'Walk,' Dhar said. After the captain had risen unsteadily to his feet, Dhar pushed him in the direction of the cliffs. He meandered across the flat, stratified rocks, head bowed like a man approaching the gallows. There was no need for Dhar to threaten him with the gun. He had seen what had happened to his crew.
Dhar looked up at the cliffs ahead: layer upon layer of limestone and shale, crushed over millions of years. The compressed stripes reminded him of the creamy millefeuille his Indian mother used to smuggle out of the French Embassy in Delhi when she was working there as an ayah. She was here somewhere, too, he hoped. In Britain, the land of the man she had once loved. Daniel Marchant had promised he would look after her.
When they reached the foot of the cliff, Dhar signalled for the Russian to sit. He circled like an exhausted dog before slumping onto the rocks, trying in vain to break his fall with his tied hands. Dhar stood over him and pulled out a bottle of Stolichnaya, his actions tracked by the man's aqueous, frightened eyes. Squatting down beside him, he unscrewed the lid and poured vodka intothe Russian's mouth, watching it trickle in rivulets through the stubble of his unshaven chin. His swollen lips were dry and cracked. Small flecks of white, sea salt perhaps, had collected in the corners of his mouth.
Dhar had thought about what lay ahead many times in the last few hours, trying to banish the notion that he had nothing to lose. He could have stayed on the trawler, made his way south to France and on past Portugal to Africa, Morocco and the Atlas Mountains, where he had hidden once before. But he knew he was deluding himself. Without Russia's protection he would have been caught by now, picked up by one of the search planes. So here he was, in Britain, a country he had never quite been able to wage jihad against.
'You've been to the pub, a nice English pub,' Dhar said, his face close to the Russian's. He could smell the vodka on his breath, mixed with what might have been stale fish. 'And you fell down the cliffs on your walk home. Too much to drink.'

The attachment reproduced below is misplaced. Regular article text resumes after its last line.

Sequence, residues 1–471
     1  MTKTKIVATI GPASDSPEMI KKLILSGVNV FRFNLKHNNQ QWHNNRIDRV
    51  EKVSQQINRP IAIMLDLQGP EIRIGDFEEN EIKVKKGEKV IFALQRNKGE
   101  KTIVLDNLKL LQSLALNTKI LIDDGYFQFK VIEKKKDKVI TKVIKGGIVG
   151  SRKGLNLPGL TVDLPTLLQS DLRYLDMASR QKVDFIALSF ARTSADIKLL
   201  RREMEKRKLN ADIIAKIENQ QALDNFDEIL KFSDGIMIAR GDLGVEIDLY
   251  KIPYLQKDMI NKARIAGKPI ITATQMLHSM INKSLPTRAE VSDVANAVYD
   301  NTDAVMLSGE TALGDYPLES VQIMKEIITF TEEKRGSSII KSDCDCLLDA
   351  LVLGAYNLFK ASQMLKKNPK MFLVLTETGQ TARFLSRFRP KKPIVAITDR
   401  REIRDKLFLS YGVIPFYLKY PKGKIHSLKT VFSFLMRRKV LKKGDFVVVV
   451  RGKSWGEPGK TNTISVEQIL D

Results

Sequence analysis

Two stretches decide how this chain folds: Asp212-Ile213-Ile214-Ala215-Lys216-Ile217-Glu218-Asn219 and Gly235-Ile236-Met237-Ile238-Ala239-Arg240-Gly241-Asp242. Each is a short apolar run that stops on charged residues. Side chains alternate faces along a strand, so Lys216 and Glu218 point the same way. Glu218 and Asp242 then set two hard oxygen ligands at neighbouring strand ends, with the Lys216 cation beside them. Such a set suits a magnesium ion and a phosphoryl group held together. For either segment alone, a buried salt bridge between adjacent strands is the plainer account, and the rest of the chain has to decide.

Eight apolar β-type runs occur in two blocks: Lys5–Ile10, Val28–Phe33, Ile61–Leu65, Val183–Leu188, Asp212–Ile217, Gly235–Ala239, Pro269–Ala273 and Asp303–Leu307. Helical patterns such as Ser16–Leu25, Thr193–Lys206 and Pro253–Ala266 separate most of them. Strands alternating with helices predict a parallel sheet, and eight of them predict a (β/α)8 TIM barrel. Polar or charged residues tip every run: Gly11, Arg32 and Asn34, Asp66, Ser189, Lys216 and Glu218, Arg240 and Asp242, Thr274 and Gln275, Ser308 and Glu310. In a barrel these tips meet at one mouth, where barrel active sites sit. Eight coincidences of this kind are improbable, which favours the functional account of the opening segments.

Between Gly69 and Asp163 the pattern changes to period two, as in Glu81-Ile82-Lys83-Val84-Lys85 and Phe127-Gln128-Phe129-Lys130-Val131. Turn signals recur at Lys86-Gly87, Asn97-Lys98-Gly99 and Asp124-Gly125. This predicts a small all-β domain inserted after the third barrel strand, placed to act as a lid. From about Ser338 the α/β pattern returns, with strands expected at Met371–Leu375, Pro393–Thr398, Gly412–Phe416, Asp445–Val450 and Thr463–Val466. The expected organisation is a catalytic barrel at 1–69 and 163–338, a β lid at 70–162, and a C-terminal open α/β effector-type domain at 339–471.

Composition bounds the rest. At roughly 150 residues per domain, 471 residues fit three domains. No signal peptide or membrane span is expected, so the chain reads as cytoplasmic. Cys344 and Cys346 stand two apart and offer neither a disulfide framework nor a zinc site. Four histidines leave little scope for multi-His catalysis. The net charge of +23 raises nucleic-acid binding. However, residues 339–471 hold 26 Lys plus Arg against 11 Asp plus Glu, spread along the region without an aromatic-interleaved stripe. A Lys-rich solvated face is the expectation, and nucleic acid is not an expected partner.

He waved the Stolichnaya in front of the man's eyes like a censorious parent.
'Are you going to kill me?' the man asked. Dhar had chosen him because his English was good, better than his crew's. He had heard him talk to the coastguard on the ship-to-shore radio.
'Not if you do as I say,' Dhar lied. He was certain that the man was an officer with the SVR, Russia's foreign intelligence service. It would make his killing more straightforward, despite the company he had provided during the long row ashore, the talk of his young family, twin sons.
Dhar tucked the bottle in his flying suit and pulled out the sealed bag containing the mobile phone and the gun. Don't rush, he told himself. There was no hurry. According to a map he had found on the trawler, the stretch of shoreline they were on was near a place called East Quantoxhead. The signpost at the top ofthe cliff, on the West Somerset Coastal Path, had said they were one mile from Kilve, where there was a public house. They would find him easily enough. The Quantocks were not exactly the Waziristan hills.
Taking the phone out of the bag, Dhar dialled 999 and held the receiver up to the Russian's mouth. With his other hand, he pressed the barrel of the gun hard against the man's temple. Afterwards, he would drag his body back to the boat and hide it in the shadows.
'Talk,' he ordered, cocking the gun. Dhar's head was clear, purged of twins. 'You've had a fall, hurt your left leg.' He pointed the gun at the man's thigh and fired. 'And now you need help.'
DIRTY LITTLE SECRET. Copyright © 2012 by Jon Stock. All rights reserved. Printed in the United States of America. For information, address St. Martin's Press, 175 Fifth Avenue, New York, N.Y. 10010.